4. Phone/video appointments aren’t a substitute for face to face

Obviously a lot of appointments changed to being either online or via phone. I’ve found these so hard. I feel like I can’t get things across as well as I do face to face (and I don’t feel I do that very well anyway). I feel people lose the ability to understand people as well when you take away the physicalness of being in the same room. Also technology has a habit of not working and making it all more stressful. (Although being able to have my cat with me during therapy was a positive).

5. You can’t make eye contact on Zoom

Someone pointed this out to me and its bugged me ever since because its true and no matter what I try I can’t change that. I hate eye contact most of the time but I also try really hard to make some as I know it’s expected. I should be happy therefore that I don’t have to make eye contact but instead it’s annoyed me. Yes, I’m a paradox.

What Scares Me

Along with learning many things, this whole situation has created many fears within me for the present and the future.

1. Fear people will get ill

I’ve always been scared of people in my life getting ill. It’s out of my control although I have gonw through many things that I believe have given me control. Logically it’s not true, mentally I feel to blame when people get sick. This was heightened once we really got into the reduction of social contact and lockdown (before that coronavirus didn’t bother me, odd I know). I was often in tears that something I had or hadn’t done was going to make those close to me ill. I was so strict with cleaning and washing hands, more than usual. I was terrified. I still am.

2. Going outside or into shops

I’ve always found being out and about anxiety inducing, especially on my own. I’m now able to walk the dog just me and him but otherwise I struggle. This has been heightened in these times even though I was forced to shop for my parents on my own. My anxiety was through the roof. Now the thought of going back in to shops without anyone or any restrictions in the future terrifies me.

3. The lack of restrictions

There will come a time when restrictions are gone. Yes it will be a positive in many ways but I don’t feel anywhere near ready for this to happen and I don’t think I will be for some time. Each time a restriction is eased I feel such a state of anxiety that I have panic attacks over it. The thought of things being “normal” is something I can’t comprehend yet.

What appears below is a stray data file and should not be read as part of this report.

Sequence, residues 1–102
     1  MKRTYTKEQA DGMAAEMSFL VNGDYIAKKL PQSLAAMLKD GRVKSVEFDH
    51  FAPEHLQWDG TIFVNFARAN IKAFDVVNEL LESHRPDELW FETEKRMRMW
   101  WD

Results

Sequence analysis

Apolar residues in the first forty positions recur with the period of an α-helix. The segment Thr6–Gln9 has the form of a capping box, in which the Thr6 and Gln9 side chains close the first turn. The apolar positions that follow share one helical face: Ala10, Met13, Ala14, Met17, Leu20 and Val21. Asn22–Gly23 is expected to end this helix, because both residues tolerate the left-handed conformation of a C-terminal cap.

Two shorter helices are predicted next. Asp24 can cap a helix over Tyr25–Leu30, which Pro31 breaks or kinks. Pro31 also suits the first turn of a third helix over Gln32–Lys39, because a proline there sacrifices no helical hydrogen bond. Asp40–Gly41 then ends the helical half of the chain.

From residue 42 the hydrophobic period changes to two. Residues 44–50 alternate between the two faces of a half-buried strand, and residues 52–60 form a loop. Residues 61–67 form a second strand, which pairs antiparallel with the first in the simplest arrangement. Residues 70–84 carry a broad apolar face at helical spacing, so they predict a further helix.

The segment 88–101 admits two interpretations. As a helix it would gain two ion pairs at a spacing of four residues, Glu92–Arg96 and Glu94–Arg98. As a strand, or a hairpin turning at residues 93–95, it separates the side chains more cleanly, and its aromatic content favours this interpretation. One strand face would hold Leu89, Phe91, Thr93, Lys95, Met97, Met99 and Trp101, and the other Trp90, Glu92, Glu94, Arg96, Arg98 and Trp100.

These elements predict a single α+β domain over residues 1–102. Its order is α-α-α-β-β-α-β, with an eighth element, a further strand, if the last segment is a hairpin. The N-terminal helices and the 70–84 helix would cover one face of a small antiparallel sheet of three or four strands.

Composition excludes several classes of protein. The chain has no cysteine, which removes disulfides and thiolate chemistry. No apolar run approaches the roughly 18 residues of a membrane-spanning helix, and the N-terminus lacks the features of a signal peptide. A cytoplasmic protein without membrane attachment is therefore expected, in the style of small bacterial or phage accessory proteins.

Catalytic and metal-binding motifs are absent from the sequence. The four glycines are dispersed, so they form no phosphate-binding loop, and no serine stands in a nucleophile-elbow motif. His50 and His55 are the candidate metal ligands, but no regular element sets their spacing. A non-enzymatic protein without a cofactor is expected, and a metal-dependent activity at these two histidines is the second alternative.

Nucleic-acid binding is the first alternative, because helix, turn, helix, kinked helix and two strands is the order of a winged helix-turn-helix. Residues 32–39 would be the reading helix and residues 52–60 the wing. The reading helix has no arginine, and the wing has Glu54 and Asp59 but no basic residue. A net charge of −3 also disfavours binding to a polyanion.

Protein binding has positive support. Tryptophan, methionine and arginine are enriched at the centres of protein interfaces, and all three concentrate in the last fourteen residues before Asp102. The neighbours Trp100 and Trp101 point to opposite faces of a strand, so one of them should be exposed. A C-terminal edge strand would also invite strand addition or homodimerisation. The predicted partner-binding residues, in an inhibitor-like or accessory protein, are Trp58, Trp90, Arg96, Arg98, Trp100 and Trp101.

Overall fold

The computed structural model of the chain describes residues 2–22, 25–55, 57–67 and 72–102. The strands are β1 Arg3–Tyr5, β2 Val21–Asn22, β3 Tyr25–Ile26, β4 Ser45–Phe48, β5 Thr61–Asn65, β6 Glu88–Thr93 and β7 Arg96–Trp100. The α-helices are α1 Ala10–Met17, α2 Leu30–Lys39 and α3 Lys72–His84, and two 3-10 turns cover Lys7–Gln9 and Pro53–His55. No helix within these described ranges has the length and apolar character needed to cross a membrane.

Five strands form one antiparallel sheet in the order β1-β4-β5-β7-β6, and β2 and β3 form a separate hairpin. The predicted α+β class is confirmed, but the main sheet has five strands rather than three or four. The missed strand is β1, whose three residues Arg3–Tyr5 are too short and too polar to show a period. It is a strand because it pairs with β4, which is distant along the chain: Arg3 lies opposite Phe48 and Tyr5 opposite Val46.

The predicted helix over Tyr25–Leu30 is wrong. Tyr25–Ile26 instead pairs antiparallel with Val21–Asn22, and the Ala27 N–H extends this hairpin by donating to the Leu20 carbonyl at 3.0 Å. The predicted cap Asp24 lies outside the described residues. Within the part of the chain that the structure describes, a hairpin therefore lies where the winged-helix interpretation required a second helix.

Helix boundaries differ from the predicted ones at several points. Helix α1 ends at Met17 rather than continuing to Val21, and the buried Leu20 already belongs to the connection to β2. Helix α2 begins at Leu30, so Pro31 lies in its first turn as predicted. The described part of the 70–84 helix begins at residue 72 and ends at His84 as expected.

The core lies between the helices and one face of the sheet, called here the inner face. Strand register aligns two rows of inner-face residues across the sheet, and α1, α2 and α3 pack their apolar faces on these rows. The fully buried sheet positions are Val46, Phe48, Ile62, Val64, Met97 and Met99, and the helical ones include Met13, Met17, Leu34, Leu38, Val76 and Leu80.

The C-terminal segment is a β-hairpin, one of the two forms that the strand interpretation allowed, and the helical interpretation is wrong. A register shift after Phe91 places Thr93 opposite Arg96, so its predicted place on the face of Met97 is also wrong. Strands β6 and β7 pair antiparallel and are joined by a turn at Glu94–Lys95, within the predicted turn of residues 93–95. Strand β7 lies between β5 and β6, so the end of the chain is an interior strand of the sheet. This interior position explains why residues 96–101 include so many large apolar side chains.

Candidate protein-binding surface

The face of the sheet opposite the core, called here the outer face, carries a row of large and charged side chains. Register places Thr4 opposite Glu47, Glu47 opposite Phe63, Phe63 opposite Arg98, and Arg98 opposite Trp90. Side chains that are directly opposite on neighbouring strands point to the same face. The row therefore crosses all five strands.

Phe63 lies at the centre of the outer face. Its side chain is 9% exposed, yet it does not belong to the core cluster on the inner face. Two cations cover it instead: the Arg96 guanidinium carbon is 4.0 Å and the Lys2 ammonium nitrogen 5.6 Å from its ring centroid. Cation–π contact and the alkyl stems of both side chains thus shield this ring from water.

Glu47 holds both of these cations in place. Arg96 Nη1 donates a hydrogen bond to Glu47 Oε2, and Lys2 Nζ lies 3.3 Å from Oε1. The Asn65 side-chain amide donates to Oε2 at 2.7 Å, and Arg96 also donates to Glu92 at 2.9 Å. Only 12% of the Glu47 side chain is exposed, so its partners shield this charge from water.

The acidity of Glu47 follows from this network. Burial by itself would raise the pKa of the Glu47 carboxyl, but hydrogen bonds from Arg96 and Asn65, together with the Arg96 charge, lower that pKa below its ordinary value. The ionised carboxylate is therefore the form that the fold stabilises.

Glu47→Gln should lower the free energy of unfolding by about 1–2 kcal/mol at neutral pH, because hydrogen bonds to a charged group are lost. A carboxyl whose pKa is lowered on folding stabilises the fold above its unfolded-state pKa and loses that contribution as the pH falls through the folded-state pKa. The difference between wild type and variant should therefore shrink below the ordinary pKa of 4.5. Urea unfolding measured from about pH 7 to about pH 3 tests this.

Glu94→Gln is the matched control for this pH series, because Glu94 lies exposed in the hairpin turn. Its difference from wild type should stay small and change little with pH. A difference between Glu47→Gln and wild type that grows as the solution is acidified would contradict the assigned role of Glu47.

Where am I at?

So overall I’m struggling mentally with everything. There is a lot of change currently and it’s left me unsettled. Large parts of lockdown have been a struggle but other parts have played into my comfort zones of hiding away from people. I’m very much a home body. People keep talking about holidays and that’s the last thing I want to do. Not going on holiday was a plus for me and now I have no excuse to stay home. I both want things to come back but others I want to stay as they are.

What are your thoughts on your current situation, wherever you are? Feel free to share in the comments or on Twitter, Facebook or Instagram.

The Return To Normal

In the UK we are starting to hear plans of how things are getting better and back to some kind of “normal”. This has brought up many feelings for myself and others. Here I thought I’d explore some of mine.

In all honesty the thought of going back to how things were before the pandemic and lockdown feels scary. I didn’t particularly like it then and I’ve become more of a home body now like I have done in the past. I don’t want to go out other than to walk the dog. I like being at home. I like being able to do the things I want to at home. I don’t want to go back in to shops that are crowded. I don’t want to have to go to places that I don’t know. I don’t want to socialise. I’ve become comfortable with this life.